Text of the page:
If you have an Android device with a camera and want to have some fun, go to the Google Play Store and download ILab’s Animal Vision app. It lets you see and photograph the world as if you were viewing it through the eyes of any of several creatures—dogs, cats, birds and more.
The visualization may or may not be scientifically accurate, but it’s fun to try out.
A Bird’s Eye View Is Weird, Part 2
You probably already knew that birds can see UV light, but did you know that migratory birds can also see the earth’s magnetic field???
This extra dimension of their vision is called ‘magnetoreception’ and derives from the physical properties of a special protein molecule called Cry4, which is found in many bird organs including the retina of the eye.
Retinal Cry4 levels are higher during migration and scientists think the protein may just be the ‘secret sauce’ behind how birds migrate.
Without getting too technical, the Cry4 molecule changes a bit depending on how the bird’s eye is positioned relative to the earth’s magnetic field, causing magnetic field lines to appear as areas of light and dark shade (and possibly some color) in the bird’s visual field.
The patterns of light and dark would appear at slightly different angles depending on which direction the bird is looking.
So what might that look like?
According to researchers in the University of Illinois Theoretical and Computational Biophysics group, a bird flying about 200 meters (650 feet) above the ground might see something like this (second row):
The squares in the top row are an isolated visualization of the magnetic field lines as a bird’s eye might see them when looking in the indicated compass directions. The second row combines the magnetic field view with the image a human eye would see.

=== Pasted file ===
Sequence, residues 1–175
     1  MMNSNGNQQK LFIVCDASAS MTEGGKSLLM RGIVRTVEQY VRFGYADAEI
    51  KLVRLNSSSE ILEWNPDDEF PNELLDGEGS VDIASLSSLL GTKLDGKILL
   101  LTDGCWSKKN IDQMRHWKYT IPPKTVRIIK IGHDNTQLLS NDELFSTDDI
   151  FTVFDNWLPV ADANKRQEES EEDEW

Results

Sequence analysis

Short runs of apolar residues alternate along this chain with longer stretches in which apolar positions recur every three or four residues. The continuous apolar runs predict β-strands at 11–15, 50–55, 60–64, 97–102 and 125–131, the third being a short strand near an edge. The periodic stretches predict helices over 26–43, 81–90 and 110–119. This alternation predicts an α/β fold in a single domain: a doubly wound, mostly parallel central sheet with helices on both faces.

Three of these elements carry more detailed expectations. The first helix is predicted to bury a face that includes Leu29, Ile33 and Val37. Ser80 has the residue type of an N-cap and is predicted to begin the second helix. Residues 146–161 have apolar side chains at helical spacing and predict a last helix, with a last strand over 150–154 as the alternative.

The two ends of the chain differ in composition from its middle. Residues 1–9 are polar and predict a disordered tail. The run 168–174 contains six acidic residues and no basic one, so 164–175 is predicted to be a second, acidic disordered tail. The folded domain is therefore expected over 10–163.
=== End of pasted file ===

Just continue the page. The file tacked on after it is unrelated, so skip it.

What a bird actually sees would be the second row as it appears in ultraviolet light. (Sort of purplish, with brighter and darker spots of UV reflectivity. Like what Geordi sees.)
Can you picture that? Me neither.
Consolation Prize for Humans?
Humans may not see UV light, but we can see the earth’s magnetic field sometimes. We call it the Northern Lights, a phenomenon that happens when charged particles from the sun strike atoms in Earth’s atmosphere.
Differences in color vision make passerines less conspicuous in the eyes of their predators
Expression patterns of cryptochrome genes in avian retina suggest involvement of Cry4 in light-dependent magnetoreception
Structurally based plumage coloration is an honest signal of quality in male blue grosbeaks
Double-Cone Localization and Seasonal Expression Pattern Suggest a Role in Magnetoreception for European Robin Cryptochrome 4
Ultraviolet vision in birds: the importance of transparent eye media
Scientists Identify Protein That Could Let Birds See Magnetic Fields
Robins can literally see magnetic fields, but only if their vision is sharp
Magnetic Compass of Birds Is Based on a Molecule with Optimal Directional Sensitivity
Retinal cryptochrome in a migratory passerine bird: a possible transducer for the avian magnetic compass